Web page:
A better regulatory approach needs to move much faster, encourage a variety of approaches to cybersecurity, and work with industry mechanisms for private regulation. As we suggest in the paper, NHTSA can learn from the FTC’s enforcement of ‘unfair and deceptive practices,’ already applied to cybersecurity challenges in other industries, to derive a workable model of automotive cybersecurity oversight.

Concretely, NHTSA should:

  1. Require manufacturers to provide the agency with detailed cybersecurity plans, including information about the types of attacks they can thwart, the various levels of redundancy within their systems, the layered defenses they have installed, and any cybersecurity best practices they agree to follow.
  2. Make the non-sensitive answers public. This will allow intra-industry competition for developing more comprehensive and more effective cybersecurity plans.
  3. Contract with independent cybersecurity experts and white-hat hackers to test the promises and capabilities of manufacturers proactively.
  4. Hold companies accountable to their promises through NHTSA’s robust recall authority.

There are several advantages to such an approach. First, a familiar enforcement process reduces regulatory uncertainty for complying industry groups and manufacturers. Second, the standard of cybersecurity enforcement will evolve over time as companies update their publicly available cybersecurity plans. Manufacturers have an incentive to release a more rigorous cybersecurity plan than their competitors, but also to honestly advertise their current level of security so they can pass external penetration testing by NHTSA contractors. The desired result is that manufacturers meet or exceed current “best practices” of cybersecurity enforcement in order to stay competitive.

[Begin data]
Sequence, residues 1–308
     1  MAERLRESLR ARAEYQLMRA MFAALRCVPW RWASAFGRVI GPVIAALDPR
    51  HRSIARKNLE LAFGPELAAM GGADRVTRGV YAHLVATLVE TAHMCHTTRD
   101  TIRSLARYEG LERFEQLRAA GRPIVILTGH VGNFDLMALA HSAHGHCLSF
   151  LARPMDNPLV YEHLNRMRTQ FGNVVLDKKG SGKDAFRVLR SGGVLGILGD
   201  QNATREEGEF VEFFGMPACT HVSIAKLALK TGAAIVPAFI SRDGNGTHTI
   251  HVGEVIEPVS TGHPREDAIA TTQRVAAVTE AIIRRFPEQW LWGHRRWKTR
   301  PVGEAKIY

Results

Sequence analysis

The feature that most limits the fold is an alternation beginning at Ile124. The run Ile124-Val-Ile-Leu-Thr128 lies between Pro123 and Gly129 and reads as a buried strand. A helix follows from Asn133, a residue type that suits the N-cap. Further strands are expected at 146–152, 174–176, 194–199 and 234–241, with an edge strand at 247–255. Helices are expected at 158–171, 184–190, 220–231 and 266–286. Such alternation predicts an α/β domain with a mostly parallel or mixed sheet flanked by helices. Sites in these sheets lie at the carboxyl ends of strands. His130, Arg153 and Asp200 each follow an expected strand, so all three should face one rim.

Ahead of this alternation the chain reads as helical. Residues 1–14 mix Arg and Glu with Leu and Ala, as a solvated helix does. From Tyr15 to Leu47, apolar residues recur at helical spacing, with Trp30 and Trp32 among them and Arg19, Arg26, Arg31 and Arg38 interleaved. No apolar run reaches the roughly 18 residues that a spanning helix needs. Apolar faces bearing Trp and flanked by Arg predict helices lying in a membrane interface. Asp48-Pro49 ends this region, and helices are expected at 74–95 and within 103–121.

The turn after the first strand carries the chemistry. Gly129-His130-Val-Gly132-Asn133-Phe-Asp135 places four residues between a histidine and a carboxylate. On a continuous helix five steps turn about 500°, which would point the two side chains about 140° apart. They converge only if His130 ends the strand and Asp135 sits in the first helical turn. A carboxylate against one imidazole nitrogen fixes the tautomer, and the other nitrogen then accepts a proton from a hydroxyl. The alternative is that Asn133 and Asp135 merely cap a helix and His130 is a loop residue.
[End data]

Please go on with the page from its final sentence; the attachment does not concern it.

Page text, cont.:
This significantly more flexible approach avoids the notice-and-comment rulemaking process of NHTSA’s FMVSS in favor of manufacturers setting the bar for enforcement of new cybersecurity standards themselves. Additionally, manufacturers may reduce security homogeneity in vehicle architecture and defensive strategies by basing their cybersecurity plans on a wide selection of available best practice strategies. Finally, manufacturers can apply specialized knowledge about cybersecurity capabilities of their vehicles and consumer price sensitivity to balance sufficient cybersecurity defenses with a speedy deployment process.

While potential cyber risks warrant vigilance, too much caution could be even more dangerous. If cumbersome regulation slows the deployment timeline of driverless vehicles, people will drive on the road unaided for longer. This delay could be deadly given that  humans are likely to be worse drivers than autonomous and connected driving systems.

Driverless cars are already here. But as their numbers grow and their capabilities become more sophisticated, we must secure their future. Accomplishing this will require a new approach to managing risks and diligence in identifying and mitigating potential cyber threats. Most importantly, it will require a flexible regulatory model that allows best practices to evolve and adapt.